Playing word puzzles like crosswords is a good way to keep your brain sharp and improve your vocabulary. In addition, you can play many of them against your family or friends, which is a good way to bond with them. One of the classic and most played word puzzles is Scrabble which has spawned similar games including the fun crossword game Lexulous.
History of Lexulous
Lexulous was formerly called Scrabulous, a game developed and run by an Indian company of the same name under the supervision of the brothers Rajat and Jayant Agarwalla. The brothers, having won a lot of Scrabble tournaments, felt that the classic game should have a site where it can be played for free.
At first, the site the brothers created was called BingoBinge in 2005. On July 5, 2006, the site was renamed Scrabulous which then became a popular Facebook application in 2007. However, in 2008, because of some lawsuits involving copyright infringements particularly because of its resemblance to Scrabble, the game was removed from Facebook and the Scrabulous site was also taken down. Later on, the Delhi High Court granted the company to reinstate the game online, but under a different name. Hence, on September 27, 2008, the new website was launched with the name Lexulous and, in January 2009, the game also returned to Facebook. It has an average of at least half a million Facebook users per month.
How to play
First, you need to choose what kind of game you’d like to play: online or offline. If you play it online, you can sign in with your Facebook account, your email, or even your phone contacts. Using your Facebook account to play the game means your opponents will be your friends. If you use your email, you will be asked for a username and password and Lexulous will create an account for you. If you play the game offline, you will be presented with three options: play against your device (the AI), yourself (solitaire), or against an opponent (play and pass). If you choose the latter two, you will be asked to choose the dictionary you prefer: US or UK English, French, or Italian.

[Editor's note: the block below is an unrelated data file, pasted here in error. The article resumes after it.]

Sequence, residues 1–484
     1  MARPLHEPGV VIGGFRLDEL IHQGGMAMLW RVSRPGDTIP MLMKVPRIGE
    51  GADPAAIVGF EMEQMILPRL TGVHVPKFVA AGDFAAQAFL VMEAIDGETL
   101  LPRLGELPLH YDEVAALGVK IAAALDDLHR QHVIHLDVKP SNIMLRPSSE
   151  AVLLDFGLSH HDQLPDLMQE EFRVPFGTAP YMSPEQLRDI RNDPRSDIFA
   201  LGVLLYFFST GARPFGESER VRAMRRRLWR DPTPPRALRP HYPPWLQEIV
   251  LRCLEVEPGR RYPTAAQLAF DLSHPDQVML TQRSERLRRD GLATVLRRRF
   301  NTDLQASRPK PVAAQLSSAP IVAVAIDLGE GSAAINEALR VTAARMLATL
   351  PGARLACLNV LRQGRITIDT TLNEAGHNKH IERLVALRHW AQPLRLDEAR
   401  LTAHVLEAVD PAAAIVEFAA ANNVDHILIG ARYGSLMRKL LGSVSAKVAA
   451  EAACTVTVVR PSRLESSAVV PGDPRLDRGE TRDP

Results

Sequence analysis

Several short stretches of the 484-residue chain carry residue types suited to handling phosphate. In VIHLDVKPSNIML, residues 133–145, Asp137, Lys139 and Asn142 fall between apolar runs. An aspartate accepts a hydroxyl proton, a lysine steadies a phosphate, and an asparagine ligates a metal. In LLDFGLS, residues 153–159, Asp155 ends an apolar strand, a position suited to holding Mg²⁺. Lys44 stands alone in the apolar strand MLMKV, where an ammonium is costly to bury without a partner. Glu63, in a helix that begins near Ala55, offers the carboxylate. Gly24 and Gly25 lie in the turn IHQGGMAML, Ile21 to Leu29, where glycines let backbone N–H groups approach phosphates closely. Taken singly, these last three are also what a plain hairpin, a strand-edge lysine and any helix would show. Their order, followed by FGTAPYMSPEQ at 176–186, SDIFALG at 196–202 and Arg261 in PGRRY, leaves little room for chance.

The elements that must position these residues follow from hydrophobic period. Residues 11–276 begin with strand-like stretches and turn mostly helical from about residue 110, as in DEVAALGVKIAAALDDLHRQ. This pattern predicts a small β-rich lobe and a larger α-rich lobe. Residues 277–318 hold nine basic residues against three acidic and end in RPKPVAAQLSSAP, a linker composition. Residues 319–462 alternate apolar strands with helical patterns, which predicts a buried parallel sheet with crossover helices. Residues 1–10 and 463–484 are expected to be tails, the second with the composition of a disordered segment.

Whichever mode you pick, the first player (usually you go first), needs to begin forming a word that will include the star in the center of the board. Depending on your location or the version of the game you’re playing, you can have either 7 or 8 letter tiles. On the game’s website, players outside Canada and the US have 7 tiles. Words can be formed horizontally and vertically, and whether you are playing against an opponent or yourself, you take turns in making a move.
A total of 88 (including two blanks that can stand for any letter) tiles are available and with each move you make, fresh tiles will appear on your rack. To form a word, drag the letters on the grid, although this is usually necessary for just the first few letters of a word because once the game identifies the direction of your move, all you need to do is tap the remaining letters and they will automatically be included in the word you are forming. To submit your word, tap the play button.
If you can’t seem to find a word to form, you can either swap or pass. You can swap all of your tiles if you wish. Whether you swap or pass, a prompt will appear asking you if you’re sure about your decision or if you would like to cancel it. You can also check the validity of a word before playing it by doing a dictionary search. In addition, the remaining tiles of the game including their amount can be viewed, so you can make strategic moves.
The game ends when one player uses up all of his or her tiles and the one with the higher score wins. A game will also end if both players pass twice in a row.
Each letter tile has a corresponding point value which can be seen on the actual tile and the values range from 1 to 12 points. The total value of a word is determined by getting the sum of the letters’ point values.
Although longer words are helpful, sometimes, short but strategically formed words can also yield big points. There are special coloured squares on the board that can significantly increase your score especially when letters with high point values are placed on them. These either double or triple your word or letter score. The letters Q and Z are worth 12 points each, so if you are able to place them on a triple letter square, their value alone becomes 36 points!
When a game ends, you can earn additional points if you win against your opponent because the sum of his or her remaining tiles will be added to your total score.
Lexulous is a game that can greatly improve your Lexicon and its letter tiles have higher values compared to other word games. Not many word games can be played online and offline, and that makes this game more appealing. It also has plenty of options as to who your opponent will be, including yourself!